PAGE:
Scottish minister accuses Cleverly of ‘zero common courtesy’

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A Scottish Government minister has criticised Foreign Secretary James Cleverly, furthering a spat over the country’s diplomatic missions.

Mr Cleverly wrote to UK officials last month, urging them to take a “strengthened approach” to visits from devolved ministers abroad and to ensure Westminster representatives attend any meetings with foreign governments.

The move angered Scottish External Affairs Secretary Angus Robertson, prompting a scathing letter in which he accused Mr Cleverly of making “misleading” statements and calling for the guidance to be withdrawn.

The row escalated on Thursday, with Mr Robertson claiming he has not received a reply.

He said on Twitter: “I wrote to the Foreign Secretary @JamesCleverly more than 2 weeks ago asking him to withdraw his guidance to UK missions abroad to obstruct Scotland’s international work.

“I have yet to receive a reply.

“Zero common courtesy. Typical disrespect for Scotland.”

Responding to Mr Robertson’s letter in the House of Commons, Mr Cleverly – accused of implementing “draconian” rules on foreign visits by SNP MPs – said: “The competences of the Scottish Government and the reserved position of the UK Government are clear. They are absolutely clear.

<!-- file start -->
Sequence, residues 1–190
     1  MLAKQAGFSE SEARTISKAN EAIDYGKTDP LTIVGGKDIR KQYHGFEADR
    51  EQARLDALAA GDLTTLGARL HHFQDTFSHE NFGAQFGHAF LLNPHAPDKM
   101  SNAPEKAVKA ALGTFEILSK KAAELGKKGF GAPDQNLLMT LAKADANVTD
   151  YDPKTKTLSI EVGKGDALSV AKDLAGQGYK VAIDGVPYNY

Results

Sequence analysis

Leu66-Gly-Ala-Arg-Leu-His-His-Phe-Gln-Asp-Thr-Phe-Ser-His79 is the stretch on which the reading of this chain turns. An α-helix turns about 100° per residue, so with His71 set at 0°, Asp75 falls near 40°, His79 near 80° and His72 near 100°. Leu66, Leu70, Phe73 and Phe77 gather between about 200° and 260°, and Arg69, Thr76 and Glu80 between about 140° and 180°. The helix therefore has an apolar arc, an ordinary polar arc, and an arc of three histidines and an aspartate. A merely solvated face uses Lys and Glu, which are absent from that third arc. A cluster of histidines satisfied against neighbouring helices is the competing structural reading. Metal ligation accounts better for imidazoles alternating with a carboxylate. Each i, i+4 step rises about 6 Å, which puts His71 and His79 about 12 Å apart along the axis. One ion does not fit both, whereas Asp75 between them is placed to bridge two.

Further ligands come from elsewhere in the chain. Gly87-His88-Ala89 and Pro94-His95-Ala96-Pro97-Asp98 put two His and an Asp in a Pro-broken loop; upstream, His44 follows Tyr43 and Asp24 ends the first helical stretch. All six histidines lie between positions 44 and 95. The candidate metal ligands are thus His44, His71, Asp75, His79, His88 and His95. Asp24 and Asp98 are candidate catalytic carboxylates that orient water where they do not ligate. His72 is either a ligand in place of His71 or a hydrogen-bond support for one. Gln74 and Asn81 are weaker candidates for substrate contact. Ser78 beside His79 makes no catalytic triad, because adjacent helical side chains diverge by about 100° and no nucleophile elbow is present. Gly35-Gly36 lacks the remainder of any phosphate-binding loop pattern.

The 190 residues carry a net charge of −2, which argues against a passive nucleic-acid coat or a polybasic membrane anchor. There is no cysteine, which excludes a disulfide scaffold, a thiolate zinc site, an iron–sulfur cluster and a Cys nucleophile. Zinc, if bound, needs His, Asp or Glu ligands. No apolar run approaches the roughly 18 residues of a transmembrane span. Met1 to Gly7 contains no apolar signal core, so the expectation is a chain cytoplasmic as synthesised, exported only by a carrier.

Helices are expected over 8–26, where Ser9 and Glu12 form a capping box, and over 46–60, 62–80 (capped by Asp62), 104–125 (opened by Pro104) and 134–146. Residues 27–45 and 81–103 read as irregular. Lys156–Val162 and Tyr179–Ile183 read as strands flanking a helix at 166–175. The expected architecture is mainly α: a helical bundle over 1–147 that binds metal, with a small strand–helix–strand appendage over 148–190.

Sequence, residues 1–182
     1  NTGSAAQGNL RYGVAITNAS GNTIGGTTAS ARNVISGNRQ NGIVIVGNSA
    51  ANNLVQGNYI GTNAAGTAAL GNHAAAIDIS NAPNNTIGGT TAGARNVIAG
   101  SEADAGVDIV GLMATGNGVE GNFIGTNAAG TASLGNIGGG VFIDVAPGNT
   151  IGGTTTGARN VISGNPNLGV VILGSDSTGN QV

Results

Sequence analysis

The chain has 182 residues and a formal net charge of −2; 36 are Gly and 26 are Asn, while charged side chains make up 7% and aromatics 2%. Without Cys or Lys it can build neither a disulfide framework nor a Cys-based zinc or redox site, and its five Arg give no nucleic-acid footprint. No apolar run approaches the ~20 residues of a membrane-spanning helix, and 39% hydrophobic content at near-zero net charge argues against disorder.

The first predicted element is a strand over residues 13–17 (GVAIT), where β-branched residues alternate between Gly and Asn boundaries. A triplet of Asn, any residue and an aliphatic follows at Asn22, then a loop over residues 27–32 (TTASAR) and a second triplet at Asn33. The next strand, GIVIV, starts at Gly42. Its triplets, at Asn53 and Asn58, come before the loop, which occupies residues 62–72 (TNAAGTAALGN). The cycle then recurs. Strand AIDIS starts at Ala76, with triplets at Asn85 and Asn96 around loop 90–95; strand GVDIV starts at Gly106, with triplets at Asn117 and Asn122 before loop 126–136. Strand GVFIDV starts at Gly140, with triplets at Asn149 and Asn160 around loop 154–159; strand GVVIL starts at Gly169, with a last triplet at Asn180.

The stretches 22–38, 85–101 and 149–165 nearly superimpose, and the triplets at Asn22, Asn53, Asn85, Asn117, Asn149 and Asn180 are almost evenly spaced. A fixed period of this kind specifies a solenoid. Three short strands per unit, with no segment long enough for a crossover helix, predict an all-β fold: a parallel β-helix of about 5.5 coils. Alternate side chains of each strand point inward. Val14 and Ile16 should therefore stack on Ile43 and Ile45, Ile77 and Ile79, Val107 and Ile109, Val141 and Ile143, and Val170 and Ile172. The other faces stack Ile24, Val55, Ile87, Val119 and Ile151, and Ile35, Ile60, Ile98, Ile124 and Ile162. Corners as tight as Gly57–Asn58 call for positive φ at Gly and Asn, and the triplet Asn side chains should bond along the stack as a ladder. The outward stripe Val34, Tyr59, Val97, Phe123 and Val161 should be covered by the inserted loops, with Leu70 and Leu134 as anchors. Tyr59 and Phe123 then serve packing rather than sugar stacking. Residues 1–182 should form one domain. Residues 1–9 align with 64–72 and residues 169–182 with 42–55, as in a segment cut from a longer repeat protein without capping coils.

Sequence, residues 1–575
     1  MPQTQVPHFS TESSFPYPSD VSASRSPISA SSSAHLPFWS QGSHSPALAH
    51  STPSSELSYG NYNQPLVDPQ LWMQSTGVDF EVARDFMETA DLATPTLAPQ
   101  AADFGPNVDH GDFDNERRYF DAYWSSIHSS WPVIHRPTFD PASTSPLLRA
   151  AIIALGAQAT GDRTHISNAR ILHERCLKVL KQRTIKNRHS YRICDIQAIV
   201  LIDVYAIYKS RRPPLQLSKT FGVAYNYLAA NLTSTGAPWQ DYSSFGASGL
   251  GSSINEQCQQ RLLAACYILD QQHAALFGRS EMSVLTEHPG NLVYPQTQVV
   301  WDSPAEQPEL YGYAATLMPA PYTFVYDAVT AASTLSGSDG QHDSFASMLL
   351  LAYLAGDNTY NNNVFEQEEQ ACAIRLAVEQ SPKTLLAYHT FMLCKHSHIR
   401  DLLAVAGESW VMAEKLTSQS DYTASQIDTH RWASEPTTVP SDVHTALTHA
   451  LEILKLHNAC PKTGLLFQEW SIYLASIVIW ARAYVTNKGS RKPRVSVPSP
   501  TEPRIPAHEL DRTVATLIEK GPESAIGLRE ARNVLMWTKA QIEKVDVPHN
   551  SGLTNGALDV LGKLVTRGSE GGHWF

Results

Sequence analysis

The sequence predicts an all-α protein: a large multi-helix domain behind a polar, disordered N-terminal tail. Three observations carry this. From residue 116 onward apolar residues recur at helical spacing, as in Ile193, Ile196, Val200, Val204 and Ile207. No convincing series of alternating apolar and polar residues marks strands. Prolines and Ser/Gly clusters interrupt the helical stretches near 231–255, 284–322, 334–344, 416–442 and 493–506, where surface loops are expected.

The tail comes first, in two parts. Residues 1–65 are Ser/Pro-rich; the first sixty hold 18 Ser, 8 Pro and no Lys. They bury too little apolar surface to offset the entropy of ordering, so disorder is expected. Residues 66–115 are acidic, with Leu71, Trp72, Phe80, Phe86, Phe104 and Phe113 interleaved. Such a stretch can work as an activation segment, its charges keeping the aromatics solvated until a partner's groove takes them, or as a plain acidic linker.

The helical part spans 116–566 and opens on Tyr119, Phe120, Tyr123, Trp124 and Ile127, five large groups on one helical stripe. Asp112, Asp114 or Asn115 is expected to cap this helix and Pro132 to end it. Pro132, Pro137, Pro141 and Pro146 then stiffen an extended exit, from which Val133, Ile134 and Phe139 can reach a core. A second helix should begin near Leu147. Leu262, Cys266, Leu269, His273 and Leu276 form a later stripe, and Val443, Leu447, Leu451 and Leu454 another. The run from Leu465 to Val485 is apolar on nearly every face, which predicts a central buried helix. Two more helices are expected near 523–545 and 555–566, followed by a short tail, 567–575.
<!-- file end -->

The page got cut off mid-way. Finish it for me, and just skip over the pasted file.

“I would say to him and the House that Scotland has an excellent advocate overseas: it’s me.”

James Cleverly
James Cleverly has said he is an ‘excellent advocate overseas’ for Scotland (PA)

“The 800 staff based at FCDO’s joint HQ in East Kilbride are at the very heart of shaping and delivering UK foreign policy.

“The Scottish Government’s Constitution and External Affairs Secretary, Angus Robertson, recently praised the FCDO at the Scottish Affairs Committee for its strong record of supporting the devolved governments. Promoting every area of the UK is part of our DNA.

“The Foreign Secretary’s guidance will not change the UK Government’s commitment to working collaboratively with each of the devolved governments and their ministers in the delivery of devolved policy objectives, while ensuring reserved competences are fully respected.”

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